Our library team (primarily Pat Weitzel) has purchased several new hardbacks for our Best Sellers cabinet. Read on …
Bonnie Garmus: Lessons in Chemistry. I haven’t read this book yet, but I intend to head to the Best Sellers cabinet to be one of the first to borrow it. How can I ignore a book with six months on the bestseller lists in over 20 countries and that also appeals to my favorite genre (historical fiction)?
James Patterson and Mike Lucia: The House of Wolves. Moving from high school teacher to being in charge of a billion-dollar empire, as well as controlling a professional football team, Jenny Wolf is the central character of this thriller. Family drama at its best.
Ana Reyes: The House in the Pines. This psychological thriller that is getting good reviews is on order. It’s described as “captivating,” “creepy,” “suspenseful,” and “addictive.” With flashbacks and memory gaps, the main character deals with a mysterious death.
Danielle Steel: Without a Trace. Another book that is on its way to the SLCC library. You can wait for the movie (it’s coming) or start with her book, which is about second chances and the risks to take to achieve happiness.
Barbara Kingsolver: Demon Copperhead. I feel connected with Demon Copperhead. I didn’t experience his poverty, but I felt his triumphs and heartbreaks. As one reviewer said, the book is “haunting and beautiful in the most brutal way possible.” Maybe Demon felt unwanted, but I don’t think I’m alone when I say that this reader did love him. Definitely worthy of bestseller status.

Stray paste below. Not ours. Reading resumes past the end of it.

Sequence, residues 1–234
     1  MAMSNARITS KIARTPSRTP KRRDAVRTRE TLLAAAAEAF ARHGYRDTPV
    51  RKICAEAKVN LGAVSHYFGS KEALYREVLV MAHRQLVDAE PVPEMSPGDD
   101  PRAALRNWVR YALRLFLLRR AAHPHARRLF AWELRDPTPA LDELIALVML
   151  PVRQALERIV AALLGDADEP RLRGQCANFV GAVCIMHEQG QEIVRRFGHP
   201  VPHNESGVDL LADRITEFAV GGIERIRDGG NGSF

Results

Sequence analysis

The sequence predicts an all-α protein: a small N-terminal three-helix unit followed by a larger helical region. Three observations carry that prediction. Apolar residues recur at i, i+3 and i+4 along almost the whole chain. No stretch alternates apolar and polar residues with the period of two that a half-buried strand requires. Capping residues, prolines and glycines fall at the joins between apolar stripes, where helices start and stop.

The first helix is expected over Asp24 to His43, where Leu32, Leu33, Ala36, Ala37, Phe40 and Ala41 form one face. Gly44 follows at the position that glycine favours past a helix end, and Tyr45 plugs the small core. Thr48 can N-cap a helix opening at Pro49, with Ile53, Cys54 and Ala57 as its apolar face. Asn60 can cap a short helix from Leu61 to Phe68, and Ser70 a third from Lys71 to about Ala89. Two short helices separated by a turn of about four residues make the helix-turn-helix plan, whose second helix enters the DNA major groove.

What else can you find in our library’s Best Sellers cabinet?
Tom Clancy’s Red Winter. If you’re a Clancy fan, you already know that his fiction focuses largely on espionage and military-science. And you probably know he recently died. But the Clancy name continues with this novel, written by Mark Cameron. It presents a young Jack Ryan behind the Iron Curtain.
You might also want to check out this thriller by Robert Crais about private investigator Elvis Cole and his partner Joe Pike: Racing the Light. Fun fact: Crais had an earlier career as a scriptwriter on television shows such as Hill Street Blues, L.A. Law, and Cagney & Lacey.
This month’s volunteer: Butch Hall
Each month, we like to highlight a key player at our library. This month, it’s Butch. We count on Butch to come to the library once or twice every week to pick up those hardbacks and paperbacks that we no longer have space for. We like to keep our space tidy and our books topical. Butch helps us by finding new homes for excess books. He does a great job of “recycling.” Without storage space, our library needed someone to take on the challenge of book overflow, and Butch makes that his responsibility. As the head librarian said, “Butch saved the day by taking over this necessary job.”